Almost half (seven) of the projects are energy-related, from new wind turbines to energy-scavenging batteries to green roof materials and wireless energy monitoring systems. Five are biotechnology projects, including therapeutics for malaria, West Nile Virus, hepatitis C, human immunodeficiency virus, cancer, and staph infections.
Worth $3.7 million, the projects combine $2.3 million from participating companies and $1.4 million from MIPS. Funding supports research in the laboratories of participating university faculty, who work closely with partner companies to advance their products. All funding goes to the project faculty and often supports the work of graduate students.
Seven University System of Maryland institutions are participating:
- University of Maryland, College Park, with nine projects;
- University of Maryland Baltimore, with two projects;
- Frostburg State University, with two projects;
- University of Maryland, Baltimore County, with one project;
- University of Maryland, Eastern Shore, with one project;
- University of Maryland Biotechnology Institute, with one project; and
- Towson University, with one project.
There are four project companies in Baltimore or Baltimore County, six in Montgomery County, three in western Maryland, one on the Eastern Shore and one each in Cecil, Prince George's and Howard County. Company partners include 11 start-ups, five small companies and one large company. Projects approved include:
- Rockville-based Amplimmune and Dean Mann, professor, University of Maryland, Baltimore ($143,754): developing a protein to overcome immune suppression, allowing the immune system to fight successfully against cancer and chronic infections.
- Baltimore-based Community Analytics and Lise Getoor, associate professor, University of Maryland, College Park ($187,440): developing enhanced methods to identify opinion leaders in a given field, as well as comparative analysis tools to identify differences between leaders.
- Takoma Park-based CoolCAD Electronics and Shuvra Bhattacharyya, professor, University of Maryland, College Park ($144,100): developing a cost-efficient, wireless sensor network for monitoring residential and commercial energy use.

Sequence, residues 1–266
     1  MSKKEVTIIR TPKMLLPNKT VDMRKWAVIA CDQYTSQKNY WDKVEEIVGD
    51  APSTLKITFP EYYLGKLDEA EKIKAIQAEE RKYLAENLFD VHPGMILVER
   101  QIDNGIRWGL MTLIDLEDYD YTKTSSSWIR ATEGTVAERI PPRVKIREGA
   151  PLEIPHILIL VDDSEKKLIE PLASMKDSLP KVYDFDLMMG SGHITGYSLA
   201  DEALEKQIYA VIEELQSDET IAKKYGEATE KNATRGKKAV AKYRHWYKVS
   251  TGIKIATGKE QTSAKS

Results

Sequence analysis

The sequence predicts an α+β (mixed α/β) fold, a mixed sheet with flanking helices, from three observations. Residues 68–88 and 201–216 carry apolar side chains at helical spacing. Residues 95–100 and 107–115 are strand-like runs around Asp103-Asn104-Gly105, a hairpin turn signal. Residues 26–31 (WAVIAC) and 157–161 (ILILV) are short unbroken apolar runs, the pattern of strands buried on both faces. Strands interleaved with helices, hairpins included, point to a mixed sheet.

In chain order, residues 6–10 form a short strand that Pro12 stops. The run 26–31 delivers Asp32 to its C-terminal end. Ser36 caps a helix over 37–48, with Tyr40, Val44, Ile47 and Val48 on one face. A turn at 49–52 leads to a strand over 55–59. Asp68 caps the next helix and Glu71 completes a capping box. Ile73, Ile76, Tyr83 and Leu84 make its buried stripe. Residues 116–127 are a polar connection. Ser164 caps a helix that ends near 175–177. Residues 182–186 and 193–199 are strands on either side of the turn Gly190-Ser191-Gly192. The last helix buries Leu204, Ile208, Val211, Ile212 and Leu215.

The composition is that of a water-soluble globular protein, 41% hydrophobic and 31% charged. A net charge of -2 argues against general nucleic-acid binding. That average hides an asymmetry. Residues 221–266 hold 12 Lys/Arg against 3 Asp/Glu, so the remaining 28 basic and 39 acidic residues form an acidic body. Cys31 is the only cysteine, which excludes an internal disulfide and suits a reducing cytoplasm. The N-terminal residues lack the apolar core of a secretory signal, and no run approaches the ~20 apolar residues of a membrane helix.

- Baltimore-based Encore Path Inc. and Appa Anjanappa, professor, University of Maryland, Baltimore County ($95,584)*: developing a new rehabilitative TREADTRAC Device to enable stroke patients to regain walking skills.
- College Park-based FlexEl LLC and Patrick O'Shea, professor, University of Maryland, College Park ($141,025): developing an integrated circuit chip that draws power from the environment and converts it into electric energy suitable for driving real systems such as FlexEl's high-capacity, thin film, rechargeable batteries.
- Baltimore-based Fyodor Biotechnologies Inc. and Ganesh Sriram, assistant professor, University of Maryland, College Park ($170,105): developing and optimizing a yeast-based platform to reliably produce the drug artemisinin, a therapeutic effective against malaria and other diseases.
- Frostburg-based Instant Access Networks LLC and Hilkat Soysal, lecturer, Frostburg State University ($220,000)*: developing renewable energy-powered, electromagnetic pulse (EMP)-protected micro-grids that could provide electricity for critical infrastructure facilities in the event of a disaster.
- Germantown-based Integrated BioTherapeutics, Inc. and Mary-Claire Roghmann, associate professor, University of Maryland, Baltimore ($141,908): developing a toxin-based vaccine against Staphylococcus aureus, a common cause of both hospital-acquired and community-acquired infections and bacterial sepsis.
- Baltimore-based Intertwine Health Solutions LLC and Ritu Agarwal, professor, Center for Health Information and Decision Systems, University of Maryland, College Park ($174,420): developing an Electronic Health Record (EHR) system customized to the specific needs of the cardiology practice.